Eating poses a problem: There are so many choices. The downtown shopping district offers dozens of restaurants, sandwich and coffee shops, and chocolate, pastry and candy purveyors. One of the oldest and most beloved is the Briarpatch, generally packed at peak hours. The servings are enormous. My friend and I shared breakfast orders of Brie- and raspberry-stuffed French toast and the Southern platter of eggs, cheese grits, bacon and fabulous fried green tomatoes.
Dinner was at Luma on Park, across the street from the hotel. It was sumptuous in a different way. The chef follows the popular trend of sourcing local ingredients whenever possible and creates innovative combinations on the plate. Not especially hungry, we nevertheless slurped down kale-stuffed ravioli in a broth infused with prosciutto, "local speared flounder" on a bed of black chickpeas (a first for me) and a lovely braised beef short rib. And forced ourselves, for reporting purposes, to try a Meyer lemon tart and slice of hazelnut olive oil cake. Both with strawberry ice cream. In the (translated) words of Edith Piaf, I regret nothing.
The only time we got in the car was for a drive several miles to the Ravenous Pig for lunch. I had to try it; chef James Petrakis was recently nominated for Best Chef-South by the James Beard Foundation, and it's one of the most popular eateries in the Orlando area. And, yes, we pigged out, although there was less pork on the menu than I would have expected. We loved everything — soft pretzels with a Taleggio fondue, house-made charcuterie (especially the chicken liver pate) and the smoked pork sandwich — but swooned over the cauliflower soup and fought bitterly over bacon hush puppies that bobbed in the bowl with the soup.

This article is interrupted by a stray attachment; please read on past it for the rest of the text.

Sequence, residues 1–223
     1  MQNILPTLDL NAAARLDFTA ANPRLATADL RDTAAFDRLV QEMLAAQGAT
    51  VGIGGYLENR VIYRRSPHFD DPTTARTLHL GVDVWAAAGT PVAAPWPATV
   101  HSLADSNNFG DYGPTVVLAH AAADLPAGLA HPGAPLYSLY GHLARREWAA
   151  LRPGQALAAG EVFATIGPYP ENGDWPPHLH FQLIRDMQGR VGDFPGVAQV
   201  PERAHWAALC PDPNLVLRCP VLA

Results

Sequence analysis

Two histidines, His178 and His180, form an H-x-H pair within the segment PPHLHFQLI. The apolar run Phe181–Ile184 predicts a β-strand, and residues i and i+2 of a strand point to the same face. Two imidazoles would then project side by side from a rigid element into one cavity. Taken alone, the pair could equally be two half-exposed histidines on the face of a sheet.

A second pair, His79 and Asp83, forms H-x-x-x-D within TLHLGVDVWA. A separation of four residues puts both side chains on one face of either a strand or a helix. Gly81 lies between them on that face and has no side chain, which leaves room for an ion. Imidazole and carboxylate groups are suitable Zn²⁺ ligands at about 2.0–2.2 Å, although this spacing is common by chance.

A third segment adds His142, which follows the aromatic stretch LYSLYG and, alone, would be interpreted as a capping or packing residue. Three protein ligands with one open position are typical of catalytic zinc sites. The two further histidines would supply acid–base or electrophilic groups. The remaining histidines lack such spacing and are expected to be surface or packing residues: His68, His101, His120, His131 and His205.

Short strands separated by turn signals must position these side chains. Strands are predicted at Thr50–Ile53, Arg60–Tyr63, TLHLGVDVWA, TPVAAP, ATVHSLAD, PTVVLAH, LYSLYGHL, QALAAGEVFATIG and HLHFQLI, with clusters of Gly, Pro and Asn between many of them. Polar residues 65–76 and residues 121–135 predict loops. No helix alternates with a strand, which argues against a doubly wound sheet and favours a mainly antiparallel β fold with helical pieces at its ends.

We packed a full agenda into our overnight visit and wished we could have stayed one more to see things we hadn't time for: the Cornell Fine Arts Museum, Kraft Azalea Park and Hannibal Square (another historic area), to name a few. We never were tempted to stray into Orlando.
My friend, who is well traveled, made an insightful comment as we left Park Avenue and Winter Park, headed for home.
"We always think we have to get on a plane or go far away to find something different and new," she said. "But then we discover that it's right here."
Lennie Bennett can be reached at firstname.lastname@example.org or (727) 893-8293.